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Prospective memory in patients with schizophrenia can be remediated by training involving implementation intention
Author: Dr. Raymond Chan      Update time: 2018/11/06
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People may forget to bring keys when go out, or forget to attend an important appointment in their daily lives, these are examples of prospective memory (PM) failure. PM is the ability to remember to complete a previously formed intention. PM failures may sometimes cause serious consequences. PM has been found to be impaired in patients with schizophrenia, and such impairment was significantly correlated with their clinical symptoms and social functioning. However, PM seems not to be very responsive to conventional medication. Therefore, it is important to improve PM performance in patients with schizophrenia.

Recent empirical findings suggest that implementation intention (II) may improve PM performance in healthy and clinical populations including schizophrenia patients. II is an encoding strategy which can facilitate achievement of goals. However, these empirical findings have been exclusively limited to a number of issues including that most of the prior studies used short-term instruction manipulation form of II and conducted in the laboratory, whether it is effective in daily life PM task is not clear. In addition, it is suggested that if we could improve PM performance, social functioning may also be improved at the same time, but this has not been proved yet. Moreover, whether II training has long-term effect on PM and social functioning is not known.

To clarify the above issues, Drs. Ya Wang and Raymond Chan from the Neuropsychology and Applied Cognitive Neuroscience (NACN) Lab, CAS Key Laboratory of Mental Health, Institute of Psychology working with their collaborators to examine whether II can improve PM in patients with schizophrenia using a randomly assigned clinical trial. They recruited 42 community schizophrenia patients, and randomly assigned them to a II group and a control group, with 21 patients each. The two groups were well matched on demographic or clinical variables. The II group received II training in addition to medication. The training was conducted in small groups, with 6-8 participants in each group. There were 10 sessions and each session lasted about ninety minutes. There were two sessions every week. During the training, patients were trained to use the II technique in their daily life independently. The training included five modules: the first module provided psycho-social education on PM and PM difficulty in daily life and introduced the II strategy; the second module trained verbal component of II; the third module trained the visual imagination component; the fourth module trained the use of combination of II strategy in simulated scenarios; the last module trained the use of combination of strategy in daily settings. The control group only received medication treatment. Outcome measures included computer PM task, phone call task (daily PM task), and performance-based social functioning task. Both II and control groups received baseline, post-training and 3-month follow-up assessments.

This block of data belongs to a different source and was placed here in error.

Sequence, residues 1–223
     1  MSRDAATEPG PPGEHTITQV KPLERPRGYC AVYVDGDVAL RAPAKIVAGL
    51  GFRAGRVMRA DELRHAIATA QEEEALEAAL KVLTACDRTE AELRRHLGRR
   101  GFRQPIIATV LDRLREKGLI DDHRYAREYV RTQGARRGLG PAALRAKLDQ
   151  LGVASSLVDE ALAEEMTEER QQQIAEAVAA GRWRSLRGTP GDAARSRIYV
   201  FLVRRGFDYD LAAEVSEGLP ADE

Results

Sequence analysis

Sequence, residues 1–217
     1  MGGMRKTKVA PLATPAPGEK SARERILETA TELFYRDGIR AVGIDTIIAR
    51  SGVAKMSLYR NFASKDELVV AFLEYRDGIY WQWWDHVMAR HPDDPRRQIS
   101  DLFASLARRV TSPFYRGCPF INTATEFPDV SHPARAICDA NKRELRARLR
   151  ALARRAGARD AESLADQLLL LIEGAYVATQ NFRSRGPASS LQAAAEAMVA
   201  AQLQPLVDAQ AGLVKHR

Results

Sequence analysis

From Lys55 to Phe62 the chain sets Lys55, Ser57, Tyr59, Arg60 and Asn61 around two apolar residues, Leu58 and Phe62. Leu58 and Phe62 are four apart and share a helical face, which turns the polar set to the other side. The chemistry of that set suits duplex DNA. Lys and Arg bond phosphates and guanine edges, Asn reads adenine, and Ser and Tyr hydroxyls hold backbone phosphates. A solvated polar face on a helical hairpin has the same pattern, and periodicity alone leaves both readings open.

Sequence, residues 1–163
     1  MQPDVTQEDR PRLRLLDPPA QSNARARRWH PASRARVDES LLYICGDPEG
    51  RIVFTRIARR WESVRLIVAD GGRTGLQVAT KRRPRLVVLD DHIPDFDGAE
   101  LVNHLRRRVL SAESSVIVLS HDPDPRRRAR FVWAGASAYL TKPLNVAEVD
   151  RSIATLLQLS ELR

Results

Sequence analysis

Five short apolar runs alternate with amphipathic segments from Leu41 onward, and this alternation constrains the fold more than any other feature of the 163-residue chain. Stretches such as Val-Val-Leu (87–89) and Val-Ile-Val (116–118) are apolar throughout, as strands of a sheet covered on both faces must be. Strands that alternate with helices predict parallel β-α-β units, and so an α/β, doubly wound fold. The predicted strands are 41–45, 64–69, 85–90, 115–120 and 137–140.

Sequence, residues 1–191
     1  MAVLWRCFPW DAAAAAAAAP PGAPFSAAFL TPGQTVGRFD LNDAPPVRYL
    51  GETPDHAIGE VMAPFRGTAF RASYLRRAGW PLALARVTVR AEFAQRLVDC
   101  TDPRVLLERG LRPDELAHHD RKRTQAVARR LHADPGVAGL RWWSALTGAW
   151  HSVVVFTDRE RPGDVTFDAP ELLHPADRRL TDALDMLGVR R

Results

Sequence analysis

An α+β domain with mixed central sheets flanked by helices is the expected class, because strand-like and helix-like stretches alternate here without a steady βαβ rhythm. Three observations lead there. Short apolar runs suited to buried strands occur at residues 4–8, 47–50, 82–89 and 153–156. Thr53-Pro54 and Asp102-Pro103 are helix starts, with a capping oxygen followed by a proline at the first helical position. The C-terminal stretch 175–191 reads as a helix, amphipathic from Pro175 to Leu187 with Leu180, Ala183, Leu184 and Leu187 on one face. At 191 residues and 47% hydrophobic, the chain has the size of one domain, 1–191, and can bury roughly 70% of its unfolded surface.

The II group was found to show improvement in both computer and daily PM tasks compared to the control group, and the improvement remained significant at follow-up assessment. In addition, the II group also showed improvement in working ability and total score of social functioning. Results showed that patients with lower education, cognitive functions and baseline PM performance demonstrated larger PM improvement after training.

Taken together, this study shows that II training can improve PM performance in schizophrenia patients, and the improvement can be maintained after three months. Social functioning can also be improved through the training on PM. II may be an effective training that can be applied to clinical settings for patients with poor PM performances.

This study was supported by National Science Foundation of China, Beijing Brain and Cognition Funding and China Scholarship Council.


This paper is now available online in Schizophrenia Research,

Chen, T., Liu, L.L., Cui, J.F., Li, Y., Qin, X.J., Tao, S.L., Neumann, D.L., Shum, D.H.K., Cheung, E.F.C., Wang Y*, Chan, R.C.K. (in press). Implementation intention training for prospective memory in schizophrenia: A 3-month follow-up study. Schizophrenia Research, https://doi.org/10.1016/j.schres.2018.10.015



LIU Chen

Institute of Psychology, Chinese Academy of Science


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